Why JPMorgan Earnings Failed to Impress Investors

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JPMorgan Chase & Co. (NYSE: JPM) reported second-quarter 2017 results before markets opened Friday morning. The investment bank and financial services giant reported diluted earnings per share (EPS) of $1.82 on revenue of $25.47 billion. In the same period a year ago, Morgan reported EPS of $1.55 on revenue of $24.38 billion. Second-quarter results also compare to the consensus estimates for EPS of $1.58 on revenue of $24.96 billion.

Quarterly profits rose 13% from $6.2 billion in the second quarter of 2016 to $7.03 billion. The bank’s non-interest expenses rose 6% from $13.64 billion to $14.51 billion, which the bank said was due to a legal benefit recorded in the prior-year quarter, higher auto lease depreciation and FDIC-related expenses.

Non-interest revenues rose 2%, driven by a legal settlement, higher banking revenue in the corporate and investment bank division, higher auto lease revenue and higher revenue in asset and wealth management. Provision for credit losses was $1.22 billion, compared with $1.4 billion in the prior-year quarter, due to reserve releases of $241 million in the energy portion of the firm’s wholesale portfolio offset by a $252 million reserve build in the consumer portfolio.

By divisions, net income in the consumer and community banking group dropped 16% to $2.22 billion, commercial banking net income rose 30% to $902 million and asset management group net income rose 20% to $624 million for the quarter.

Corporate and investment banking group net income rose 9% from $2.49 billion to $2.71 billion, even as revenues slipped by 3%. Lending revenue was $373 million, up 35%. Provision for credit losses in the group totaled $53 million, compared to $235 million in the prior-year quarter.

Revenue fell 11% in the bank’s markets and investors services group and fixed income revenues were down 19% as a result of lower revenue in rates, credit, and commodities due to reduced flows driven by “sustained low volatility and tighter credit spreads.”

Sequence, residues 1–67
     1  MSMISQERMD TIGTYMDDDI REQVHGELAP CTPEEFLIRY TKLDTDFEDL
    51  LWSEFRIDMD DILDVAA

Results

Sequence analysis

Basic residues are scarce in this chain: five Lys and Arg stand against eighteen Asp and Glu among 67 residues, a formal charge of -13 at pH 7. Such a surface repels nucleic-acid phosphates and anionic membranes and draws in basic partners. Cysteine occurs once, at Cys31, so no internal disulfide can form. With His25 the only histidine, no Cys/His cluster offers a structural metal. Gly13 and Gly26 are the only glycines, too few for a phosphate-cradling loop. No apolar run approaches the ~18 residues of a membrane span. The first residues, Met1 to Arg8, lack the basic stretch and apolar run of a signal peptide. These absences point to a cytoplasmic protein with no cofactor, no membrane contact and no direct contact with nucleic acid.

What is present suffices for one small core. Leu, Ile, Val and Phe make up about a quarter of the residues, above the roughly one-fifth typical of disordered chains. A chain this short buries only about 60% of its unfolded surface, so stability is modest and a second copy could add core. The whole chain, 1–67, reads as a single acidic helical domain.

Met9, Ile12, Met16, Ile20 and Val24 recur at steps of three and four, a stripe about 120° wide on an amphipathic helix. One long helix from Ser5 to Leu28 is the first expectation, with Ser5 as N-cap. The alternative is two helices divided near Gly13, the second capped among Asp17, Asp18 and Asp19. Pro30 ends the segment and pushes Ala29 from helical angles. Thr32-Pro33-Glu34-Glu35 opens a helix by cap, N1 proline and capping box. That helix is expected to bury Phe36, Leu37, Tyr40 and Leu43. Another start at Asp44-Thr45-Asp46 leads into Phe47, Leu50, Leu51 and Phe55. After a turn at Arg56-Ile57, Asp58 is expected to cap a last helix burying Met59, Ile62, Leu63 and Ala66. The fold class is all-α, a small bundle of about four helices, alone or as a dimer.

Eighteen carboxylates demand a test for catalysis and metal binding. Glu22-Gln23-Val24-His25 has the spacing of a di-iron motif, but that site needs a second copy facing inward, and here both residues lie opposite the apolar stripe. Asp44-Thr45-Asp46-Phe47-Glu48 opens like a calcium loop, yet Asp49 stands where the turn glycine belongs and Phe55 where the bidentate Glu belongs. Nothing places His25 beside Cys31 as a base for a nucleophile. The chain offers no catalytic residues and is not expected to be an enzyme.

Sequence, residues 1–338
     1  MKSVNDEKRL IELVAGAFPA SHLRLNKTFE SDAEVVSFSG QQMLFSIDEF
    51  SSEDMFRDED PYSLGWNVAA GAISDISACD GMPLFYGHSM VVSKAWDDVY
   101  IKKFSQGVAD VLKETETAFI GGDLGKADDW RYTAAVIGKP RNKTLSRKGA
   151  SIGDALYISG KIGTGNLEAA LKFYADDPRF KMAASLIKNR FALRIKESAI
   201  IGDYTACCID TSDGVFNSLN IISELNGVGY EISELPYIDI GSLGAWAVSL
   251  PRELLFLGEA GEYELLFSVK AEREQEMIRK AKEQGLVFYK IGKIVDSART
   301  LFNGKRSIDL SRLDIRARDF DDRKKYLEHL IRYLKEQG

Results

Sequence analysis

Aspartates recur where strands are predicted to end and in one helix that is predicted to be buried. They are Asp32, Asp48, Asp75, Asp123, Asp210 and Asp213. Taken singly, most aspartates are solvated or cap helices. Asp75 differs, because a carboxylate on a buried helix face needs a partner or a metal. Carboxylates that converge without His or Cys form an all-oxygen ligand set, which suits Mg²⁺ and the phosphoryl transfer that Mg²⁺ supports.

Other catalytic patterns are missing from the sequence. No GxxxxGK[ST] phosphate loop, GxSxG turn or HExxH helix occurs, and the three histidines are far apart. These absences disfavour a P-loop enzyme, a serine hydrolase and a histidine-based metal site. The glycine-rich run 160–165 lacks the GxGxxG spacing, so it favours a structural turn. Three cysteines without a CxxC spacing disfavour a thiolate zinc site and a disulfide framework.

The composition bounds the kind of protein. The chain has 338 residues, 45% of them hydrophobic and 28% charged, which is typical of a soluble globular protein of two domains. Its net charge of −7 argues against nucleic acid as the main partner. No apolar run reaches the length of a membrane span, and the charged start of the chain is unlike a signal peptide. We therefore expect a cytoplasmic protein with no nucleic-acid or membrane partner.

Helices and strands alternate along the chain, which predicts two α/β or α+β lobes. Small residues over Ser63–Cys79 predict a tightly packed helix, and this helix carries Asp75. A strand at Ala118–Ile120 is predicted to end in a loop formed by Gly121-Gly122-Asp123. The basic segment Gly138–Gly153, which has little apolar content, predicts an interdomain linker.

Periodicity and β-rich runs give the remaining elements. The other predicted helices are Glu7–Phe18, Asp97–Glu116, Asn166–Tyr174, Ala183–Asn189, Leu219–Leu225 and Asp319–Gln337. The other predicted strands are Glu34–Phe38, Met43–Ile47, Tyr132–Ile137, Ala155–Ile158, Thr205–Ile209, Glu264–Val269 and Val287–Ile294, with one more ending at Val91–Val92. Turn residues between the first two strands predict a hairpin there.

More lending at higher rates (thanks to the Federal Reserve) boosted net income, but trading revenues fell and the drop in fixed income revenues will weigh on the stock price.

Bank CEO Jamie Dimon said:

We continued to post very solid results against a stable-to improving global economic backdrop. The U.S. consumer remains healthy, evidenced in our strong underlying performance in Consumer & Community Banking. Loans and deposits continue to grow strongly, and card sales and merchant processing volumes were up double digits, reflecting our consistent investment in the business. In the Corporate & Investment Bank, we maintained our leadership in Banking, while Markets revenue was down amid lower volatility and client activity. …

We are also pleased to announce increases to our capital return plans while continuing to invest in our businesses for long-term profitability – reflecting the financial strength of our company and the significant capital and liquidity improvements we have made over the past several years.

Dimon is referring to a previously announced boost in the quarterly dividend from $0.50 to $0.56 per share and a stock buyback program totaling $19.4 billion over the next 12 months.

The bank did not offer guidance in its press release, but the consensus estimates call for third-quarter EPS of $1.67 on revenues of $25.43 billion. The EPS estimate for the 2017 fiscal year is $6.62 on revenues of $101.14 billion.

Shares traded down about 0.3% in Friday’s premarket at $93.00. The current 52-week range is $63.38 to $94.51. The consensus 12-month price target was $95.00 before results were announced.